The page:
A report prepared by the Bank of Uganda (BoU, the central bank) has shed some light on a potential change in monetary policy, as the dangers of inflation appear to pose more of a challenge than the risks of slower economic growth. In a special report of monthly economic and monetary developments, prepared for a meeting with local bankers in December, the BoU outlined the need to support the economic recovery without compromising its inflation objectives. Inflation has started to rise again and the bank made it clear that the key factor driving monetary policy would be the short-term inflation forecasts. The report shows evidence of a strengthening economy that would allow a degree of monetary tightening. The bank is therefore likely to mop up excess liquidity in the market in its efforts to limit the rise of inflation, and monetary policy looks as though it will be tighter in 2011 than it was in 2010.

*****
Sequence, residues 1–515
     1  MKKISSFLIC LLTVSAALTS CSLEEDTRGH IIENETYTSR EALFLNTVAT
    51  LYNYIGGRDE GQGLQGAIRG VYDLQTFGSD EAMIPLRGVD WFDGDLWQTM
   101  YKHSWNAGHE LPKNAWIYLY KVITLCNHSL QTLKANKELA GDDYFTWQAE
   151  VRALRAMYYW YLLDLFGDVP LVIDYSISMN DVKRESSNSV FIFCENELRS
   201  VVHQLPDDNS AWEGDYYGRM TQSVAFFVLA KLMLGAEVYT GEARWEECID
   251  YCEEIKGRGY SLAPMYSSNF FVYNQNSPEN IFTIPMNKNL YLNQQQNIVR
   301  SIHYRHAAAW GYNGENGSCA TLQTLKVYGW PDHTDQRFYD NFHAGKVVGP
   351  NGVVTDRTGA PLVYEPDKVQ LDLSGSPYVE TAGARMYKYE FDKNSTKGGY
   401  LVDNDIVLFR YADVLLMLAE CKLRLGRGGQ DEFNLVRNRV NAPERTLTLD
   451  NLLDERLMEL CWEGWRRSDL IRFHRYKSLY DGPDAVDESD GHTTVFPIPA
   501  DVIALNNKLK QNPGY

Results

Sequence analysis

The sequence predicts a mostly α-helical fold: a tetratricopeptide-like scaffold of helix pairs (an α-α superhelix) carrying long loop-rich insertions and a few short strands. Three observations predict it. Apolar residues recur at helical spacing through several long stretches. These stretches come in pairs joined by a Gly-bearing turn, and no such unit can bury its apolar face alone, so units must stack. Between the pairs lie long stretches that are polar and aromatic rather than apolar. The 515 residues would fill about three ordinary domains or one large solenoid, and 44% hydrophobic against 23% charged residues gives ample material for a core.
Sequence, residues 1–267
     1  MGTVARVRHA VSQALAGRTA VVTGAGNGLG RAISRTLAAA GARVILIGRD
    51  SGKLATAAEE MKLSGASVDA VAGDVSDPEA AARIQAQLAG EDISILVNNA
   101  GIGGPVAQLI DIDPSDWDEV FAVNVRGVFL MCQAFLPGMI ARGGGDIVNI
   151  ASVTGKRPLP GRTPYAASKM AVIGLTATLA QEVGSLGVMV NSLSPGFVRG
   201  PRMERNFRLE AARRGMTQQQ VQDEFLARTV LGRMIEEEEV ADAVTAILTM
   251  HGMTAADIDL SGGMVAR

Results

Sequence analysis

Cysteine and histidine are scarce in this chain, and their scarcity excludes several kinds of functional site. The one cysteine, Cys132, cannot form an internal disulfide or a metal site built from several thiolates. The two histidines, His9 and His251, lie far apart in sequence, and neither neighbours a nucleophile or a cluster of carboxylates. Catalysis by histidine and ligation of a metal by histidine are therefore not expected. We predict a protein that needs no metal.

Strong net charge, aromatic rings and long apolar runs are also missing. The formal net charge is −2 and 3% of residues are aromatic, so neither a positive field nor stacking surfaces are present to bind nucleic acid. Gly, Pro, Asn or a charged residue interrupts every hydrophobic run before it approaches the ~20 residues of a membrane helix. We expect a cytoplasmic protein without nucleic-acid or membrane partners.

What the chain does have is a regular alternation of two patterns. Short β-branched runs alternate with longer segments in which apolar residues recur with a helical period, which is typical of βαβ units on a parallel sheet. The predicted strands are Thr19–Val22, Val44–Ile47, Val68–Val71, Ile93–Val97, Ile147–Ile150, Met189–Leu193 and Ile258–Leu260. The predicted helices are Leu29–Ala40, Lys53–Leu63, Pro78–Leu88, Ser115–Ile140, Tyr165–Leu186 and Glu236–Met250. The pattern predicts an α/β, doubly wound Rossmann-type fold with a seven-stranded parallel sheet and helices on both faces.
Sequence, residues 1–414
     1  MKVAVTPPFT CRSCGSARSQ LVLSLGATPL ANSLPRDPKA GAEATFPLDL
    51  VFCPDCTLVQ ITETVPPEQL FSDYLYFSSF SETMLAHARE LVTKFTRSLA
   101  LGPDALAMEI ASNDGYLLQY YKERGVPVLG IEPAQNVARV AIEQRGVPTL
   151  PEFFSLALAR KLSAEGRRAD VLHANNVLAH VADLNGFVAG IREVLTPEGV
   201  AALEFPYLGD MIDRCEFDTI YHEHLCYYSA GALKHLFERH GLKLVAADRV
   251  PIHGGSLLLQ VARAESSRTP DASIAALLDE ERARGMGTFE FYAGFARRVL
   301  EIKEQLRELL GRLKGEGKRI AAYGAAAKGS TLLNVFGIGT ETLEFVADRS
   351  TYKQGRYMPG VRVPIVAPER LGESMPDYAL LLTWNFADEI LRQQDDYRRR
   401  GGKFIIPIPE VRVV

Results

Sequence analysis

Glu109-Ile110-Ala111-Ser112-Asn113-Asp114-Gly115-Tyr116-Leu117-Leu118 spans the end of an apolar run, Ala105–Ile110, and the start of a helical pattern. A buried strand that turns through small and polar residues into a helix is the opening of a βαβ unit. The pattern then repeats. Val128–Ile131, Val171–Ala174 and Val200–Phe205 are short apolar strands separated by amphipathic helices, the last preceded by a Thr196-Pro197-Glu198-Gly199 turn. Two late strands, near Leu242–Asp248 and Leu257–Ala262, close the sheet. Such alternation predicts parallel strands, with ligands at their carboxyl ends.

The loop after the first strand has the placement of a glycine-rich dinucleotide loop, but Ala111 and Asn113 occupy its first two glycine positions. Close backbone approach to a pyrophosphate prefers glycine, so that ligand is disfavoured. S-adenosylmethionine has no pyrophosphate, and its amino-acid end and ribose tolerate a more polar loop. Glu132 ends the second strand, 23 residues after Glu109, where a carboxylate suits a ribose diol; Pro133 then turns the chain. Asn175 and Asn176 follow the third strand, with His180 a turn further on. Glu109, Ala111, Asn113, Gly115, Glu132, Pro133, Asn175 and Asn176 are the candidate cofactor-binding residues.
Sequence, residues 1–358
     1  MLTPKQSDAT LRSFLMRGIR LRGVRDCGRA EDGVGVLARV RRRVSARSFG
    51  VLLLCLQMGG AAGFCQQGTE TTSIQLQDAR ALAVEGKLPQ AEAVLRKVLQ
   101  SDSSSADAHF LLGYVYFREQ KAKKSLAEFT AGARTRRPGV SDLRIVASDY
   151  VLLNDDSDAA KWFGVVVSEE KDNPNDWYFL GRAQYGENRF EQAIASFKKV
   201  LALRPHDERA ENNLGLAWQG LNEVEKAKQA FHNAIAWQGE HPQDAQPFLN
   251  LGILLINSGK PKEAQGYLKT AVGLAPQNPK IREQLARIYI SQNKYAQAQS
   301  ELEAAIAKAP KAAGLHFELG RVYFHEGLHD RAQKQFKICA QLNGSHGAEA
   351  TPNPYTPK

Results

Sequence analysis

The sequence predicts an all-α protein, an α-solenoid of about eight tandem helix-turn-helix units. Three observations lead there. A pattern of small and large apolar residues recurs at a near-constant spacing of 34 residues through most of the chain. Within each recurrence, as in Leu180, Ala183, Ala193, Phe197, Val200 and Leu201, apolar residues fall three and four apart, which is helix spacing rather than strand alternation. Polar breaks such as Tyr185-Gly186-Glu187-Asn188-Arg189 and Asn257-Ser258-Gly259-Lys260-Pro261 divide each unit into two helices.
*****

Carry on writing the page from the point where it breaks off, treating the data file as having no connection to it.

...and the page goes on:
The BoU will also continue with a policy of intervention in the currency market to limit the depreciation of the shilling, although it continues to insist that there is no fixed rate target. The BoU spent US$60m in November supporting the currency, which depreciated by 15% during 2010. The shilling fell further, to an all-time low of USh2,400:US$1, in mid-January as political uncertainty in the lead-up to the elections, low export earnings and strong demand for US dollars in the energy sector affected confidence in the currency (February 2011, Economic performance). The BoU report highlighted the limited ability of the central bank to influence the value of the currency. The Economist Intelligence Unit expects that volatility of the currency will dissipate in the wake of the peaceful elections. Reduced political uncertainty will also lead to increased foreign-exchange inflows from donors and investors, which will support the currency. Moreover, if monetary policy is tightened in 2011 as we expect, the higher interest rates will attract capital inflows, further bolstering the currency.